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United Acting CEO to Be Paid Extra US$100,000 in Cash a Month

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United Acting CEO to Be Paid Extra US$100,000 in Cash a Month - Airlines publisher
Tatjana Obrazcova
Country: United States Aircraft: Airplanes

United Continental Holdings Inc.'s acting Chief Executive Brett J. Hart will be paid an extra US$100,000 in cash a month while he holds the title, according to a regulatory filing.

Mr. Hart took over as acting CEO last week, filling in for Oscar Munoz, who had a heart attack on Oct. 15. Mr. Munoz, whose condition is unknown, is on indefinite medical leave.

United said earlier Friday that Mr. Hart, who joined the company in 2010 after six years at packaged-food maker Sara Lee, was no longer general counsel.

"Our structure is being finalized," the company said, declining to provide details.

At the time of his hiring, Mr. Hart's base pay was set at US$500,000 a year.

Mr. Hart is one of the few members of United's senior executive team who doesn't have long ties to former Chairman and Chief Executive Jeff Smisek, whose ouster was announced Sept. 8 and tied to a federal probe into the airline's relationship with the former chairman of the Port Authority of New York and New Jersey.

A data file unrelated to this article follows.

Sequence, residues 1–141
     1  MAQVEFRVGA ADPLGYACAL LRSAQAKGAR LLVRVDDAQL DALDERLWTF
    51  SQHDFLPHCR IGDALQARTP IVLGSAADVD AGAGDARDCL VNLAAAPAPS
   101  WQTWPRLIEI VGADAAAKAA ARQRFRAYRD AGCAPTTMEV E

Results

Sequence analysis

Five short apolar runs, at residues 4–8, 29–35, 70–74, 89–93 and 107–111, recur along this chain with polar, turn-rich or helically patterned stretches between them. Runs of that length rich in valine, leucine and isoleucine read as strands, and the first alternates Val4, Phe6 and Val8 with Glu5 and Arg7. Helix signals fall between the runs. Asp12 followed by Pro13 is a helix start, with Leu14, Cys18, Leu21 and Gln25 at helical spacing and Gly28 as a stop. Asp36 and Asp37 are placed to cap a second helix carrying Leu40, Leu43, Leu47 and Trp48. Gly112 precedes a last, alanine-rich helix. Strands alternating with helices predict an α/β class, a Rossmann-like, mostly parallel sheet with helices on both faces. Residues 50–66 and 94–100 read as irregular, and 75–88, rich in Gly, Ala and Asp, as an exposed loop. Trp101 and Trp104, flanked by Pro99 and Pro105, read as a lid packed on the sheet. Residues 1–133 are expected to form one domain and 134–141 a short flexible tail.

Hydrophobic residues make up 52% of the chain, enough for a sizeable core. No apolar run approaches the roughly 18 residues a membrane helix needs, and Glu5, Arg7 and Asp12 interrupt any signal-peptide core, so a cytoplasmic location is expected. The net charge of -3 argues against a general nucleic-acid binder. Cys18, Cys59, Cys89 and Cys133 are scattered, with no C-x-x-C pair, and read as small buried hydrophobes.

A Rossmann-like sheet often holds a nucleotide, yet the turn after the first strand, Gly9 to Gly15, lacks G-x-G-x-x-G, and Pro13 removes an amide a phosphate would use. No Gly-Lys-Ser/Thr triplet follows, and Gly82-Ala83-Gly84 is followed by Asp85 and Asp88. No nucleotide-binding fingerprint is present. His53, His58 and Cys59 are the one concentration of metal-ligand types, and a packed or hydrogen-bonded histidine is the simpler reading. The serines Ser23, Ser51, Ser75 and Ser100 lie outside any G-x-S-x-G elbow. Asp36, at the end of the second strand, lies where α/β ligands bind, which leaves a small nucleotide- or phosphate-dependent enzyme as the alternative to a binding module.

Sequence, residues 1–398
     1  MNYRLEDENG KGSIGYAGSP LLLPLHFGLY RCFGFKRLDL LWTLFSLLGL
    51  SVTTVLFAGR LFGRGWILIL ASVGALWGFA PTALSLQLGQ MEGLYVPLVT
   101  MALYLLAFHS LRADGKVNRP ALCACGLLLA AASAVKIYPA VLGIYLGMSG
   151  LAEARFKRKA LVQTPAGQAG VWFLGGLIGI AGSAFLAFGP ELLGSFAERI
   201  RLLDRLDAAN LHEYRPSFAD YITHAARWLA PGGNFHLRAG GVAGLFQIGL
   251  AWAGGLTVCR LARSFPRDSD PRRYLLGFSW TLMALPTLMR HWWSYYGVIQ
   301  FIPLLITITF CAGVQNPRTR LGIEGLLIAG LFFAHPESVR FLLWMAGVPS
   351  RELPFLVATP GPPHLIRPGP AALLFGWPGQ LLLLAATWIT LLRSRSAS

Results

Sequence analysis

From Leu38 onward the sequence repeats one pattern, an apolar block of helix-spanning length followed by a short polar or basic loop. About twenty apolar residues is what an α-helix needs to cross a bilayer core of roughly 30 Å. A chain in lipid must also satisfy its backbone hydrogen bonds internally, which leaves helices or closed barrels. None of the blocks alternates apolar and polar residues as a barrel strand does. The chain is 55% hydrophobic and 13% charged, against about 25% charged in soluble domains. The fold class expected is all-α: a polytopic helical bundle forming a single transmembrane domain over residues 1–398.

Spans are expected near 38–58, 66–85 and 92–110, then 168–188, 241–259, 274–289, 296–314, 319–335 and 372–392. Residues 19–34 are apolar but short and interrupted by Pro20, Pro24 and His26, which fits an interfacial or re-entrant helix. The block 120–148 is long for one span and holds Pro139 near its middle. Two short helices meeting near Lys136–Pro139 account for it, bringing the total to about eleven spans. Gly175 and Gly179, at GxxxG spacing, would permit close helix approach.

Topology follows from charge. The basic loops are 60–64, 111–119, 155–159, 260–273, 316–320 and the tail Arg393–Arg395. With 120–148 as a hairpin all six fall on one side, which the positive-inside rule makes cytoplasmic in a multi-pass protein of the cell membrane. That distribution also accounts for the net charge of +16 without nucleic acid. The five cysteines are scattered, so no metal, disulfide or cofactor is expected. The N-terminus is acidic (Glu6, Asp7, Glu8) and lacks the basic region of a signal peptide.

Mr. Smisek had led Continental Airlines before its merger with United, and following the merger he cleared out much of United's senior leaders to make way for Continental executives.

Mr. Munoz, then president and chief operating officer of railroad company CSX Corp. and longtime United director, took over the company's reins on Sept. 8, pledging to fix operational problems and poor labor relations that had plagued the No. 2 U.S. airline by traffic since the merger. Terms of his contract were still being negotiated when he had the heart attack, the company said.

Mr. Hart, whose appointment was questioned by some industry analysts citing a lack of experience running an airline, has said he would press ahead with Mr. Munoz's plan to turn around the company.

On Friday, United and its mechanics union reached a tentative agreement, after more than three years of negotiations. The details of the proposed contract weren't disclosed.

The Chicago-based airline continues to negotiate with its flight attendants and has asked its pilots union to consider extending their current contract, which opens for renewal in January 2017.

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